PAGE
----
- The Washington Times - Wednesday, March 1, 2006

Contrary to surveys showing the Democrats leading Republicans in this year’s congressional races, a new analysis now finds the GOP could be ahead among actual voters.

In a stunning admission by a major independent polling firm that generic party preference polls of registered voters can skew the results against the GOP, a Gallup Poll analyst says Republicans could edge out Democrats by as much as 3 percent to 4 percent at this point in the 2006 election cycle.

This finding in Gallup’s analysis was buried in the fine print of the polling firm’s Web site last week, but its candid conclusion shocked top GOP party strategists when I told them about it. Here’s the story:

Last week the CNN/USA Today/Gallup Poll reported the Democrats led Republicans 50 percent to 43 percent among registered voters if the elections were held today. That 7-point advantage would be enough to give Democrats control of the House if all their supporters voted.

But in an analysis of the results, Gallup analyst David W. Moore said, “It is likely many voters will not do so,” because registered voter turnout tends to be lower than that of “likely voters” who say they plan to vote and usually do in larger numbers.

Mr. Moore writes — and this is the important part — that Gallup’s “experience over the past two midterm elections, in 1998 and 2002, suggests that the [registered voters] numbers tend to overstate the Democratic margin by about 101/2 percentage points.”

“Given that Democrats currently lead by 7 points, that could mean that among people who will definitely vote, Republicans actually lead by 3 to 4 points,” he said.

That conclusion, after months of unending reporting here that the Bush administration and the Republicans are imploding politically and in a free-fall in the polls, comes under the heading of “Wow.”

Republican political strategists have long maintained that the so-called generic numbers, in which voters are asked which party they will support in the elections, without mentioning a specific candidate, tilt the results in favor of the Democrats. Worse, the stories that report them, rarely mention behavior is vastly different between registered voters and likely voters.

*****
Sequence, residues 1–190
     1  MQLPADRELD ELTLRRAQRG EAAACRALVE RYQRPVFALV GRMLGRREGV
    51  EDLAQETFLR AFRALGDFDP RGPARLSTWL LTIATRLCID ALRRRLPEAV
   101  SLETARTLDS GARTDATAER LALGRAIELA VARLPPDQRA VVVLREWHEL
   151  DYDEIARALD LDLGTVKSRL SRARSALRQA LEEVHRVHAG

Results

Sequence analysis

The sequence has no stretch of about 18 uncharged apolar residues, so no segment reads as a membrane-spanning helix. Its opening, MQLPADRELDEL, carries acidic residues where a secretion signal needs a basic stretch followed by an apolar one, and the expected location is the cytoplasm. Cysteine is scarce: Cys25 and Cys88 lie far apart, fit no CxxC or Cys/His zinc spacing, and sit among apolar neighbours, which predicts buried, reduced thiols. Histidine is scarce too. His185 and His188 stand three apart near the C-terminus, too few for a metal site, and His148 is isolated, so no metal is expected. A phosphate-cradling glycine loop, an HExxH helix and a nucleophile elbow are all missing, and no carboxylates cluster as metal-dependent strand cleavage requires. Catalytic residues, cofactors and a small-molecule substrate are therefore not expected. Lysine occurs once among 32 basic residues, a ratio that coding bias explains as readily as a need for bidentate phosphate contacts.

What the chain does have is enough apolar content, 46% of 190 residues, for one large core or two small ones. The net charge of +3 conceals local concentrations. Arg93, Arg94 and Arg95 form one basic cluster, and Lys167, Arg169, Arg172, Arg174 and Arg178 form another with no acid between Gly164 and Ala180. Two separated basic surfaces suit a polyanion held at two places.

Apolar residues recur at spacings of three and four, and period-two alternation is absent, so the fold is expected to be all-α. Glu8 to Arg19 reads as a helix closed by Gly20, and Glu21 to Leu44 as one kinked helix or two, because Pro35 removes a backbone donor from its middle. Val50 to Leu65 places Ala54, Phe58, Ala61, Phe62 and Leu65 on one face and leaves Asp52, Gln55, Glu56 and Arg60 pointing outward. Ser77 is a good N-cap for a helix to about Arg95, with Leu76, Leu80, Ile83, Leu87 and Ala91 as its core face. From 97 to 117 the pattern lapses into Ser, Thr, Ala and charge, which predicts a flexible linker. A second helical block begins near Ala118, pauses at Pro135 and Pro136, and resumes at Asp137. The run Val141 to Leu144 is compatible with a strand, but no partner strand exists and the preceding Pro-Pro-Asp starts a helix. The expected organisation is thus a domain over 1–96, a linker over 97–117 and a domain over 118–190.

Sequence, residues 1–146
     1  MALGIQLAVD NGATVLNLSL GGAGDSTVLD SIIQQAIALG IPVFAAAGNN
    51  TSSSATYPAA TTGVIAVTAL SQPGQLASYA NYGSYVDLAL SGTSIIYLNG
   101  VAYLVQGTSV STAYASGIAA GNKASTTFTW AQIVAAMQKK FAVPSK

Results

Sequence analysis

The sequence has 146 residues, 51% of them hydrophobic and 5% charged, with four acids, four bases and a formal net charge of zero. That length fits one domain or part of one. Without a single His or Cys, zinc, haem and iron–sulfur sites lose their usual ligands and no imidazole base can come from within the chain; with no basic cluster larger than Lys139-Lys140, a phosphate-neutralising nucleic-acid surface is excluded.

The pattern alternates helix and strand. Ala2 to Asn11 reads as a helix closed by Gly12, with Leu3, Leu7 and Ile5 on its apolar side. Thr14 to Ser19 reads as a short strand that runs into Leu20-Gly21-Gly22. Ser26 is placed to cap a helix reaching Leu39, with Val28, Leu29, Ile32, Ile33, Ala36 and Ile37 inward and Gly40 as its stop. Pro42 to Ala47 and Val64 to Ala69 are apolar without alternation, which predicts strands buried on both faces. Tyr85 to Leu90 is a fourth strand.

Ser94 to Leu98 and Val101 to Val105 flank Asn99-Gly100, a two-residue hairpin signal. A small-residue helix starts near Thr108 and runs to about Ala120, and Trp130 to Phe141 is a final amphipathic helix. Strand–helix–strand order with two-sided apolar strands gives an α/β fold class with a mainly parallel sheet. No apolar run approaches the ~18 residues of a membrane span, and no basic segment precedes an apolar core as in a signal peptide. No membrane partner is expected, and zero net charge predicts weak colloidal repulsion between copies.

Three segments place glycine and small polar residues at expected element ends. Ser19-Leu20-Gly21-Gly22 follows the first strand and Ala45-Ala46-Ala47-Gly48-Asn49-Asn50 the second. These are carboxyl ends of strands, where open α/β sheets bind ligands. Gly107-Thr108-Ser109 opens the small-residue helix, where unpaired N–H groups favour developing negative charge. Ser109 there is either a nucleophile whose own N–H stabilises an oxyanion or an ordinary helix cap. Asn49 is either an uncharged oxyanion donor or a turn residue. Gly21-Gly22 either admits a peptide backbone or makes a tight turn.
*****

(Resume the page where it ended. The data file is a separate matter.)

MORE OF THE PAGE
That Gallup would flatly declare this distinction in a separate analysis took Republican professionals by surprise last week.

“It’s an amazing, very rare admission. Republican pollsters have argued for the last couple of decades that the generic congressional polls always overstate the Democrats’ participation,” said Wes Anderson, a veteran GOP pollster at OnMessage Inc.

“There are two distinct universes in polling: people who are registered and people who vote. So if you are not polling people who are likely to vote, who have a history of voting, you are going to misread the electorate,” Mr. Anderson told me.

This is not to say he and other Republicans do not think their party won’t suffer some congressional erosion in November. Most do, though they note the election is more than eight months away, and that’s the interstellar equivalent of a million light years in political terms when anything can and usually does change.

Nevertheless, Mr. Anderson says, “If the election were held today, it looks like Democrats will make marginal gains, but their hope of taking the House or Senate is a pretty long shot.”

Still, some independent election trackers think the pessimistic mood of the country favors the Democrats this year. They cite rising voter disapproval of Congress, the lobbying scandal, the Iraq war, a sour taste among voters about the economy and now the flap over letting an Arab-owned company manage shipping terminal operations at six major U.S. ports.

“Democrats still have the potential for major gains (even taking the House), but their current prospects are somewhat lower,” election analyst Stu Rothenberg told his newsletter clients last month. He’s predicting Democrats will pick up four to eight seats in the House. They need to win 15 to take control.

Presidents’ second midterm elections usually do not favor the party in power. That may be the case this year, too.

Even so, President Bush and his party have some things going for them this year that could affect the congressional election in their favor:

(1) Terrorism will remain a huge issue, and polls show voters trust the Republicans more than liberal Democrats to protect their national security.

(2) Only two or three dozen House races are truly competitive and thus far the Democrats’ candidate recruitment drive has been a significant disappointment.

(3) Forget generic questions. Sixty percent of voters continue to believe their member of Congress should be re-elected.

But David Moore’s analysis suggests Democrats face an even bigger obstacle right now: Republicans are likely leading among people who actually vote.

Donald Lambro, chief political correspondent of The Washington Times, is a nationally syndicated columnist.

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